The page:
The use of public health efforts to halt the spread of Covid-19 had an unanticipated outcome in 2020 throughout Latin America and Southeast Asia: hundreds of thousands of dengue virus infections were avoided, according to a report published in The Lancet this month. The findings of the study provide suggestions for developing new tactics to battle a hazardous tropical illness that has been infecting an increasing number of individuals each year.
As a result of travel restrictions, the study found that dengue infections fell sharply in many regions where the virus is spread by mosquitoes starting in April 2020. The study estimates that there were 720,000 fewer dengue cases globally in the first year of the pandemic as a result of the travel restrictions.
Doctor Oliver Brady of the London School of Hygiene and Tropical Medicine in the United Kingdom, who led the study, said, “We discovered really unexpected net benefits from Covid restrictions and was the study’s senior author.
A total of more than 5 million individuals were infected with dengue fever, which is also known as “breakbone fever” because of the terrible joint and muscle pain it causes, around the globe in 2019.
In the early stages of the pandemic, Dr. Brady and other infectious disease researchers feared the worst as resources were diverted to Covid-19 and other disease control measures — such as mosquito spraying — were put on hold. Dr. Brady and other infectious disease researchers were right to be concerned. A pleasant surprise, the sharp reduction in dengue infections has piqued the interest of researchers, who are keen to learn more about what has caused it. Other probable explanations, such as environmental changes and a decrease in the reporting of dengue fever by public health organisations, were ruled out. According to him, the only feasible explanation was a substantial disturbance in people’s mobility as a result of the incident.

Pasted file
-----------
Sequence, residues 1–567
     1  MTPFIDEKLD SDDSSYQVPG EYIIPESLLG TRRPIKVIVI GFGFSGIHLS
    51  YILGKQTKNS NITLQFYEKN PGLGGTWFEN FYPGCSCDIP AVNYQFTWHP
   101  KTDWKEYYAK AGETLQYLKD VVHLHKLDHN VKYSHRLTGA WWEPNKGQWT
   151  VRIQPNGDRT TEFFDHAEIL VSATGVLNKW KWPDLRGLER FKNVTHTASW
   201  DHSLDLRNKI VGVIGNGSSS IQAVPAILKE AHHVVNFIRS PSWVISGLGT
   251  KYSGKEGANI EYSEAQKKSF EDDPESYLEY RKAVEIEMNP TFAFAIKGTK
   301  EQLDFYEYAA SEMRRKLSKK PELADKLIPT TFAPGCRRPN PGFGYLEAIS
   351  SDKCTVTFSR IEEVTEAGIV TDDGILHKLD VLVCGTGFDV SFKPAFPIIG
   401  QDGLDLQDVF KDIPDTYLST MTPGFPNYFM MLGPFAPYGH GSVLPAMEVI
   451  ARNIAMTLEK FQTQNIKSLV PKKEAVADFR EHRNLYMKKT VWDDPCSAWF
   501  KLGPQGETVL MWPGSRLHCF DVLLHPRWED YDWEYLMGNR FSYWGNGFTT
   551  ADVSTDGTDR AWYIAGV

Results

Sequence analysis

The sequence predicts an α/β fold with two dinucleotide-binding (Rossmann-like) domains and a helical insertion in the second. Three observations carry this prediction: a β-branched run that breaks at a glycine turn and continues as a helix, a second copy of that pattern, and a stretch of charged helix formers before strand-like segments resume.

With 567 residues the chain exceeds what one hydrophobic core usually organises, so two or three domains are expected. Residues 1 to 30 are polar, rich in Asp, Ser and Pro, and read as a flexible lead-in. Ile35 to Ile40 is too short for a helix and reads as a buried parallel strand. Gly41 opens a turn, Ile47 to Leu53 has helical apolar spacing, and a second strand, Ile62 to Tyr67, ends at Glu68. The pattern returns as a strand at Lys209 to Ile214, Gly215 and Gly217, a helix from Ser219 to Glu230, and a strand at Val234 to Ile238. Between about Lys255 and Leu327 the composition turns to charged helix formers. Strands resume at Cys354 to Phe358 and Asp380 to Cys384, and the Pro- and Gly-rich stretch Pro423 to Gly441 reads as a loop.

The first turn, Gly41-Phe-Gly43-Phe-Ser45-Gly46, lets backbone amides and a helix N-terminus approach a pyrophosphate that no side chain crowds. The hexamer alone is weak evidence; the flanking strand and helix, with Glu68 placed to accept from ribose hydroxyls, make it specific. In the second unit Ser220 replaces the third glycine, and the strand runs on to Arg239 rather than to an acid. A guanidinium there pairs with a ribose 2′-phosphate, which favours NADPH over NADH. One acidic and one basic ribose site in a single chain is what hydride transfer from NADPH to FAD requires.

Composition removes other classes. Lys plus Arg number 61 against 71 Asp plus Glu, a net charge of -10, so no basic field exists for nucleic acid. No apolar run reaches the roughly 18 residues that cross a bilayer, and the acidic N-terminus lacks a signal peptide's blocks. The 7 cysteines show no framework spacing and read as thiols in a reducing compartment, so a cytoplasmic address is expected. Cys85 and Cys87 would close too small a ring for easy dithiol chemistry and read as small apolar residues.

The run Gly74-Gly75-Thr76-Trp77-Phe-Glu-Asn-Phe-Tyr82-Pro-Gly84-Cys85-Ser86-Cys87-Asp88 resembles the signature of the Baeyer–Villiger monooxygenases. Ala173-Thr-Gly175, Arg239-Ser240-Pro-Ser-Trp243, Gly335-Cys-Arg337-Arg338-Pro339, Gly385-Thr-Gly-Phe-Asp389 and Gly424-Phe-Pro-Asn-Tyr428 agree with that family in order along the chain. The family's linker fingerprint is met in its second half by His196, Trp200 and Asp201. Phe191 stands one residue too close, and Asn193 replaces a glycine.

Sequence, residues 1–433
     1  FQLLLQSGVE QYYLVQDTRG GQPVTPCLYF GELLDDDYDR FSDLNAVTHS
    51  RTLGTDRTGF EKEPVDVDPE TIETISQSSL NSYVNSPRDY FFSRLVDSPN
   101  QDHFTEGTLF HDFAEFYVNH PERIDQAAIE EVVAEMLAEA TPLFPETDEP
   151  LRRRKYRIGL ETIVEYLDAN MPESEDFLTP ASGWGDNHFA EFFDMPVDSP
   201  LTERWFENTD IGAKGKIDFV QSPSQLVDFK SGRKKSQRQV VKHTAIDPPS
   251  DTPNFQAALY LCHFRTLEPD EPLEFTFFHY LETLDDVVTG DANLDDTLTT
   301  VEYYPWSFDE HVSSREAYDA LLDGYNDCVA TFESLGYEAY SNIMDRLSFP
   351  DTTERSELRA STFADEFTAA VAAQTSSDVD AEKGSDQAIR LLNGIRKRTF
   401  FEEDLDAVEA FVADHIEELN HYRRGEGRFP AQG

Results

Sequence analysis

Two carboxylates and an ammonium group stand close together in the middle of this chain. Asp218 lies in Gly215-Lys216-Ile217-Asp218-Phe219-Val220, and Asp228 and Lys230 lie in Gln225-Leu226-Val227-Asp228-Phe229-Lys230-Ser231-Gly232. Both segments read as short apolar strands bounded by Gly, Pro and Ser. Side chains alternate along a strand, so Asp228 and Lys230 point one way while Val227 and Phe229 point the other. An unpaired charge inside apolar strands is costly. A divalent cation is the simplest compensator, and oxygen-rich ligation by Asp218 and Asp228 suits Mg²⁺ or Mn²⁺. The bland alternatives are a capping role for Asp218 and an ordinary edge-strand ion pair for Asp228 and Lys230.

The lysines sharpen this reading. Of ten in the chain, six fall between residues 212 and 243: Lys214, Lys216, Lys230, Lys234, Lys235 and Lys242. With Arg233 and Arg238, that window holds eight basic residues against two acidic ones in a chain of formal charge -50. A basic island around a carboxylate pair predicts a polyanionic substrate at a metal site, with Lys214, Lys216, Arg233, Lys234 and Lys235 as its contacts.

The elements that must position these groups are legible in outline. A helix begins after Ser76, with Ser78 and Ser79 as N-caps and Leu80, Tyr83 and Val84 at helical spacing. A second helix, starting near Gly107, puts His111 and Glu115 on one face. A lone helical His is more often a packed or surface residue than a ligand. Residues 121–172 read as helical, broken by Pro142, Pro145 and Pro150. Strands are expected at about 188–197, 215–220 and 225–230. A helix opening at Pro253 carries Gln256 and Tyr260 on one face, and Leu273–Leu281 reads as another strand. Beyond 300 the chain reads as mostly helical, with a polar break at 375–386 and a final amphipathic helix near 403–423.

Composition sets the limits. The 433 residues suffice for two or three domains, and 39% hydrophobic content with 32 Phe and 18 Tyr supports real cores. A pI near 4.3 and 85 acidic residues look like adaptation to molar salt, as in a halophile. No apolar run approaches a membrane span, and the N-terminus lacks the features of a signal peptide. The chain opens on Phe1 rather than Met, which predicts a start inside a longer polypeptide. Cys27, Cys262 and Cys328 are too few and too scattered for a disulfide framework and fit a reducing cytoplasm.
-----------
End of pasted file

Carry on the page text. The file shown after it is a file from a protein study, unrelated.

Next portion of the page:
The shutdown of schools, in particular, seems to have had a significant influence in reducing dengue infections. Aedes aegypti mosquitoes, which are the primary dengue vector, are active throughout the day. According to the premise that transmission occurs in people’s homes, the majority of dengue management initiatives concentrate on them, spraying to kill mosquitoes and monitoring for standing water that may produce them.
The researchers are not advocating for the continuation of stay-at-home orders, but the unique circumstances provided surprising information. Dr. Brady said that their data indicate that biting occurs at schools or in places of employment, and that mosquito control efforts should be targeted in these locations. Dengue fever may have decreased as a result of the stay-at-home orders because when individuals did become sick, they were not going out where fresh mosquitoes might bite them and spread the virus to other people, as was the case before.
According to the researchers, the results from the dengue study may be applicable to other closely related mosquito-borne viruses, such as Zika and chikungunya. While infection rates may rise back to pre-Covid levels or worse if vector control programmes were disrupted, Dr. Brady warned that immunity levels may have fallen as a result of fewer people being exposed. Dengue data for 2021, which should be available soon, and for a post-pandemic period, he said, could bring bad news: infection rates may rise back to pre-Covid levels or worse if vector control programmes were disrupted.